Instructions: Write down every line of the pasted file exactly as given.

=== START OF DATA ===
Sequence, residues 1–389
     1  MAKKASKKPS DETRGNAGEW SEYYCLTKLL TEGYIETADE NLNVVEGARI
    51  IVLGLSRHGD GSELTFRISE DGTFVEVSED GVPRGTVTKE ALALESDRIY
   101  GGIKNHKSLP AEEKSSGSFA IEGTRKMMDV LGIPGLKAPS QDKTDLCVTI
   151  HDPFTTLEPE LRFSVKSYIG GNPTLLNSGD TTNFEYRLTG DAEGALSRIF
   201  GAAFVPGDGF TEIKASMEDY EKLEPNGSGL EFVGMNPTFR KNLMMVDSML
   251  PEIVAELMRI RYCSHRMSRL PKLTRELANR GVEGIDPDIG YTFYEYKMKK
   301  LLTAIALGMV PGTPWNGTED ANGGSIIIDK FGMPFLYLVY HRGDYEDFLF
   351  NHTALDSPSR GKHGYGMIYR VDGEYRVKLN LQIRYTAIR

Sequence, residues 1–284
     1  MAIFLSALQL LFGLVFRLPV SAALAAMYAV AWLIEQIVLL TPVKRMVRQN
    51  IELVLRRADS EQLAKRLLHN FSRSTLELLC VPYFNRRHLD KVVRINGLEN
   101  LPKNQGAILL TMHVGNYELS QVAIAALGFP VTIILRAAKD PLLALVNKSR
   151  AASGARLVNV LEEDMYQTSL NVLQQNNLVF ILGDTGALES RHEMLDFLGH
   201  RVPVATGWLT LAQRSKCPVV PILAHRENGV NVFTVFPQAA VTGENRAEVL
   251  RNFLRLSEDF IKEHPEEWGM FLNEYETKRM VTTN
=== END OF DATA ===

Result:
Sequence, residues 1–389
     1  MAKKASKKPS DETRGNAGEW SEYYCLTKLL TEGYIETADE NLNVVEGARI
    51  IVLGLSRHGD GSELTFRISE DGTFVEVSED GVPRGTVTKE ALALESDRIY
   101  GGIKNHKSLP AEEKSSGSFA IEGTRKMMDV LGIPGLKAPS QDKTDLCVTI
   151  HDPFTTLEPE LRFSVKSYIG GNPTLLNSGD TTNFEYRLTG DAEGALSRIF
   201  GAAFVPGDGF TEIKASMEDY EKLEPNGSGL EFVGMNPTFR KNLMMVDSML
   251  PEIVAELMRI RYCSHRMSRL PKLTRELANR GVEGIDPDIG YTFYEYKMKK
   301  LLTAIALGMV PGTPWNGTED ANGGSIIIDK FGMPFLYLVY HRGDYEDFLF
   351  NHTALDSPSR GKHGYGMIYR VDGEYRVKLN LQIRYTAIR

Sequence, residues 1–284
     1  MAIFLSALQL LFGLVFRLPV SAALAAMYAV AWLIEQIVLL TPVKRMVRQN
    51  IELVLRRADS EQLAKRLLHN FSRSTLELLC VPYFNRRHLD KVVRINGLEN
   101  LPKNQGAILL TMHVGNYELS QVAIAALGFP VTIILRAAKD PLLALVNKSR
   151  AASGARLVNV LEEDMYQTSL NVLQQNNLVF ILGDTGALES RHEMLDFLGH
   201  RVPVATGWLT LAQRSKCPVV PILAHRENGV NVFTVFPQAA VTGENRAEVL
   251  RNFLRLSEDF IKEHPEEWGM FLNEYETKRM VTTN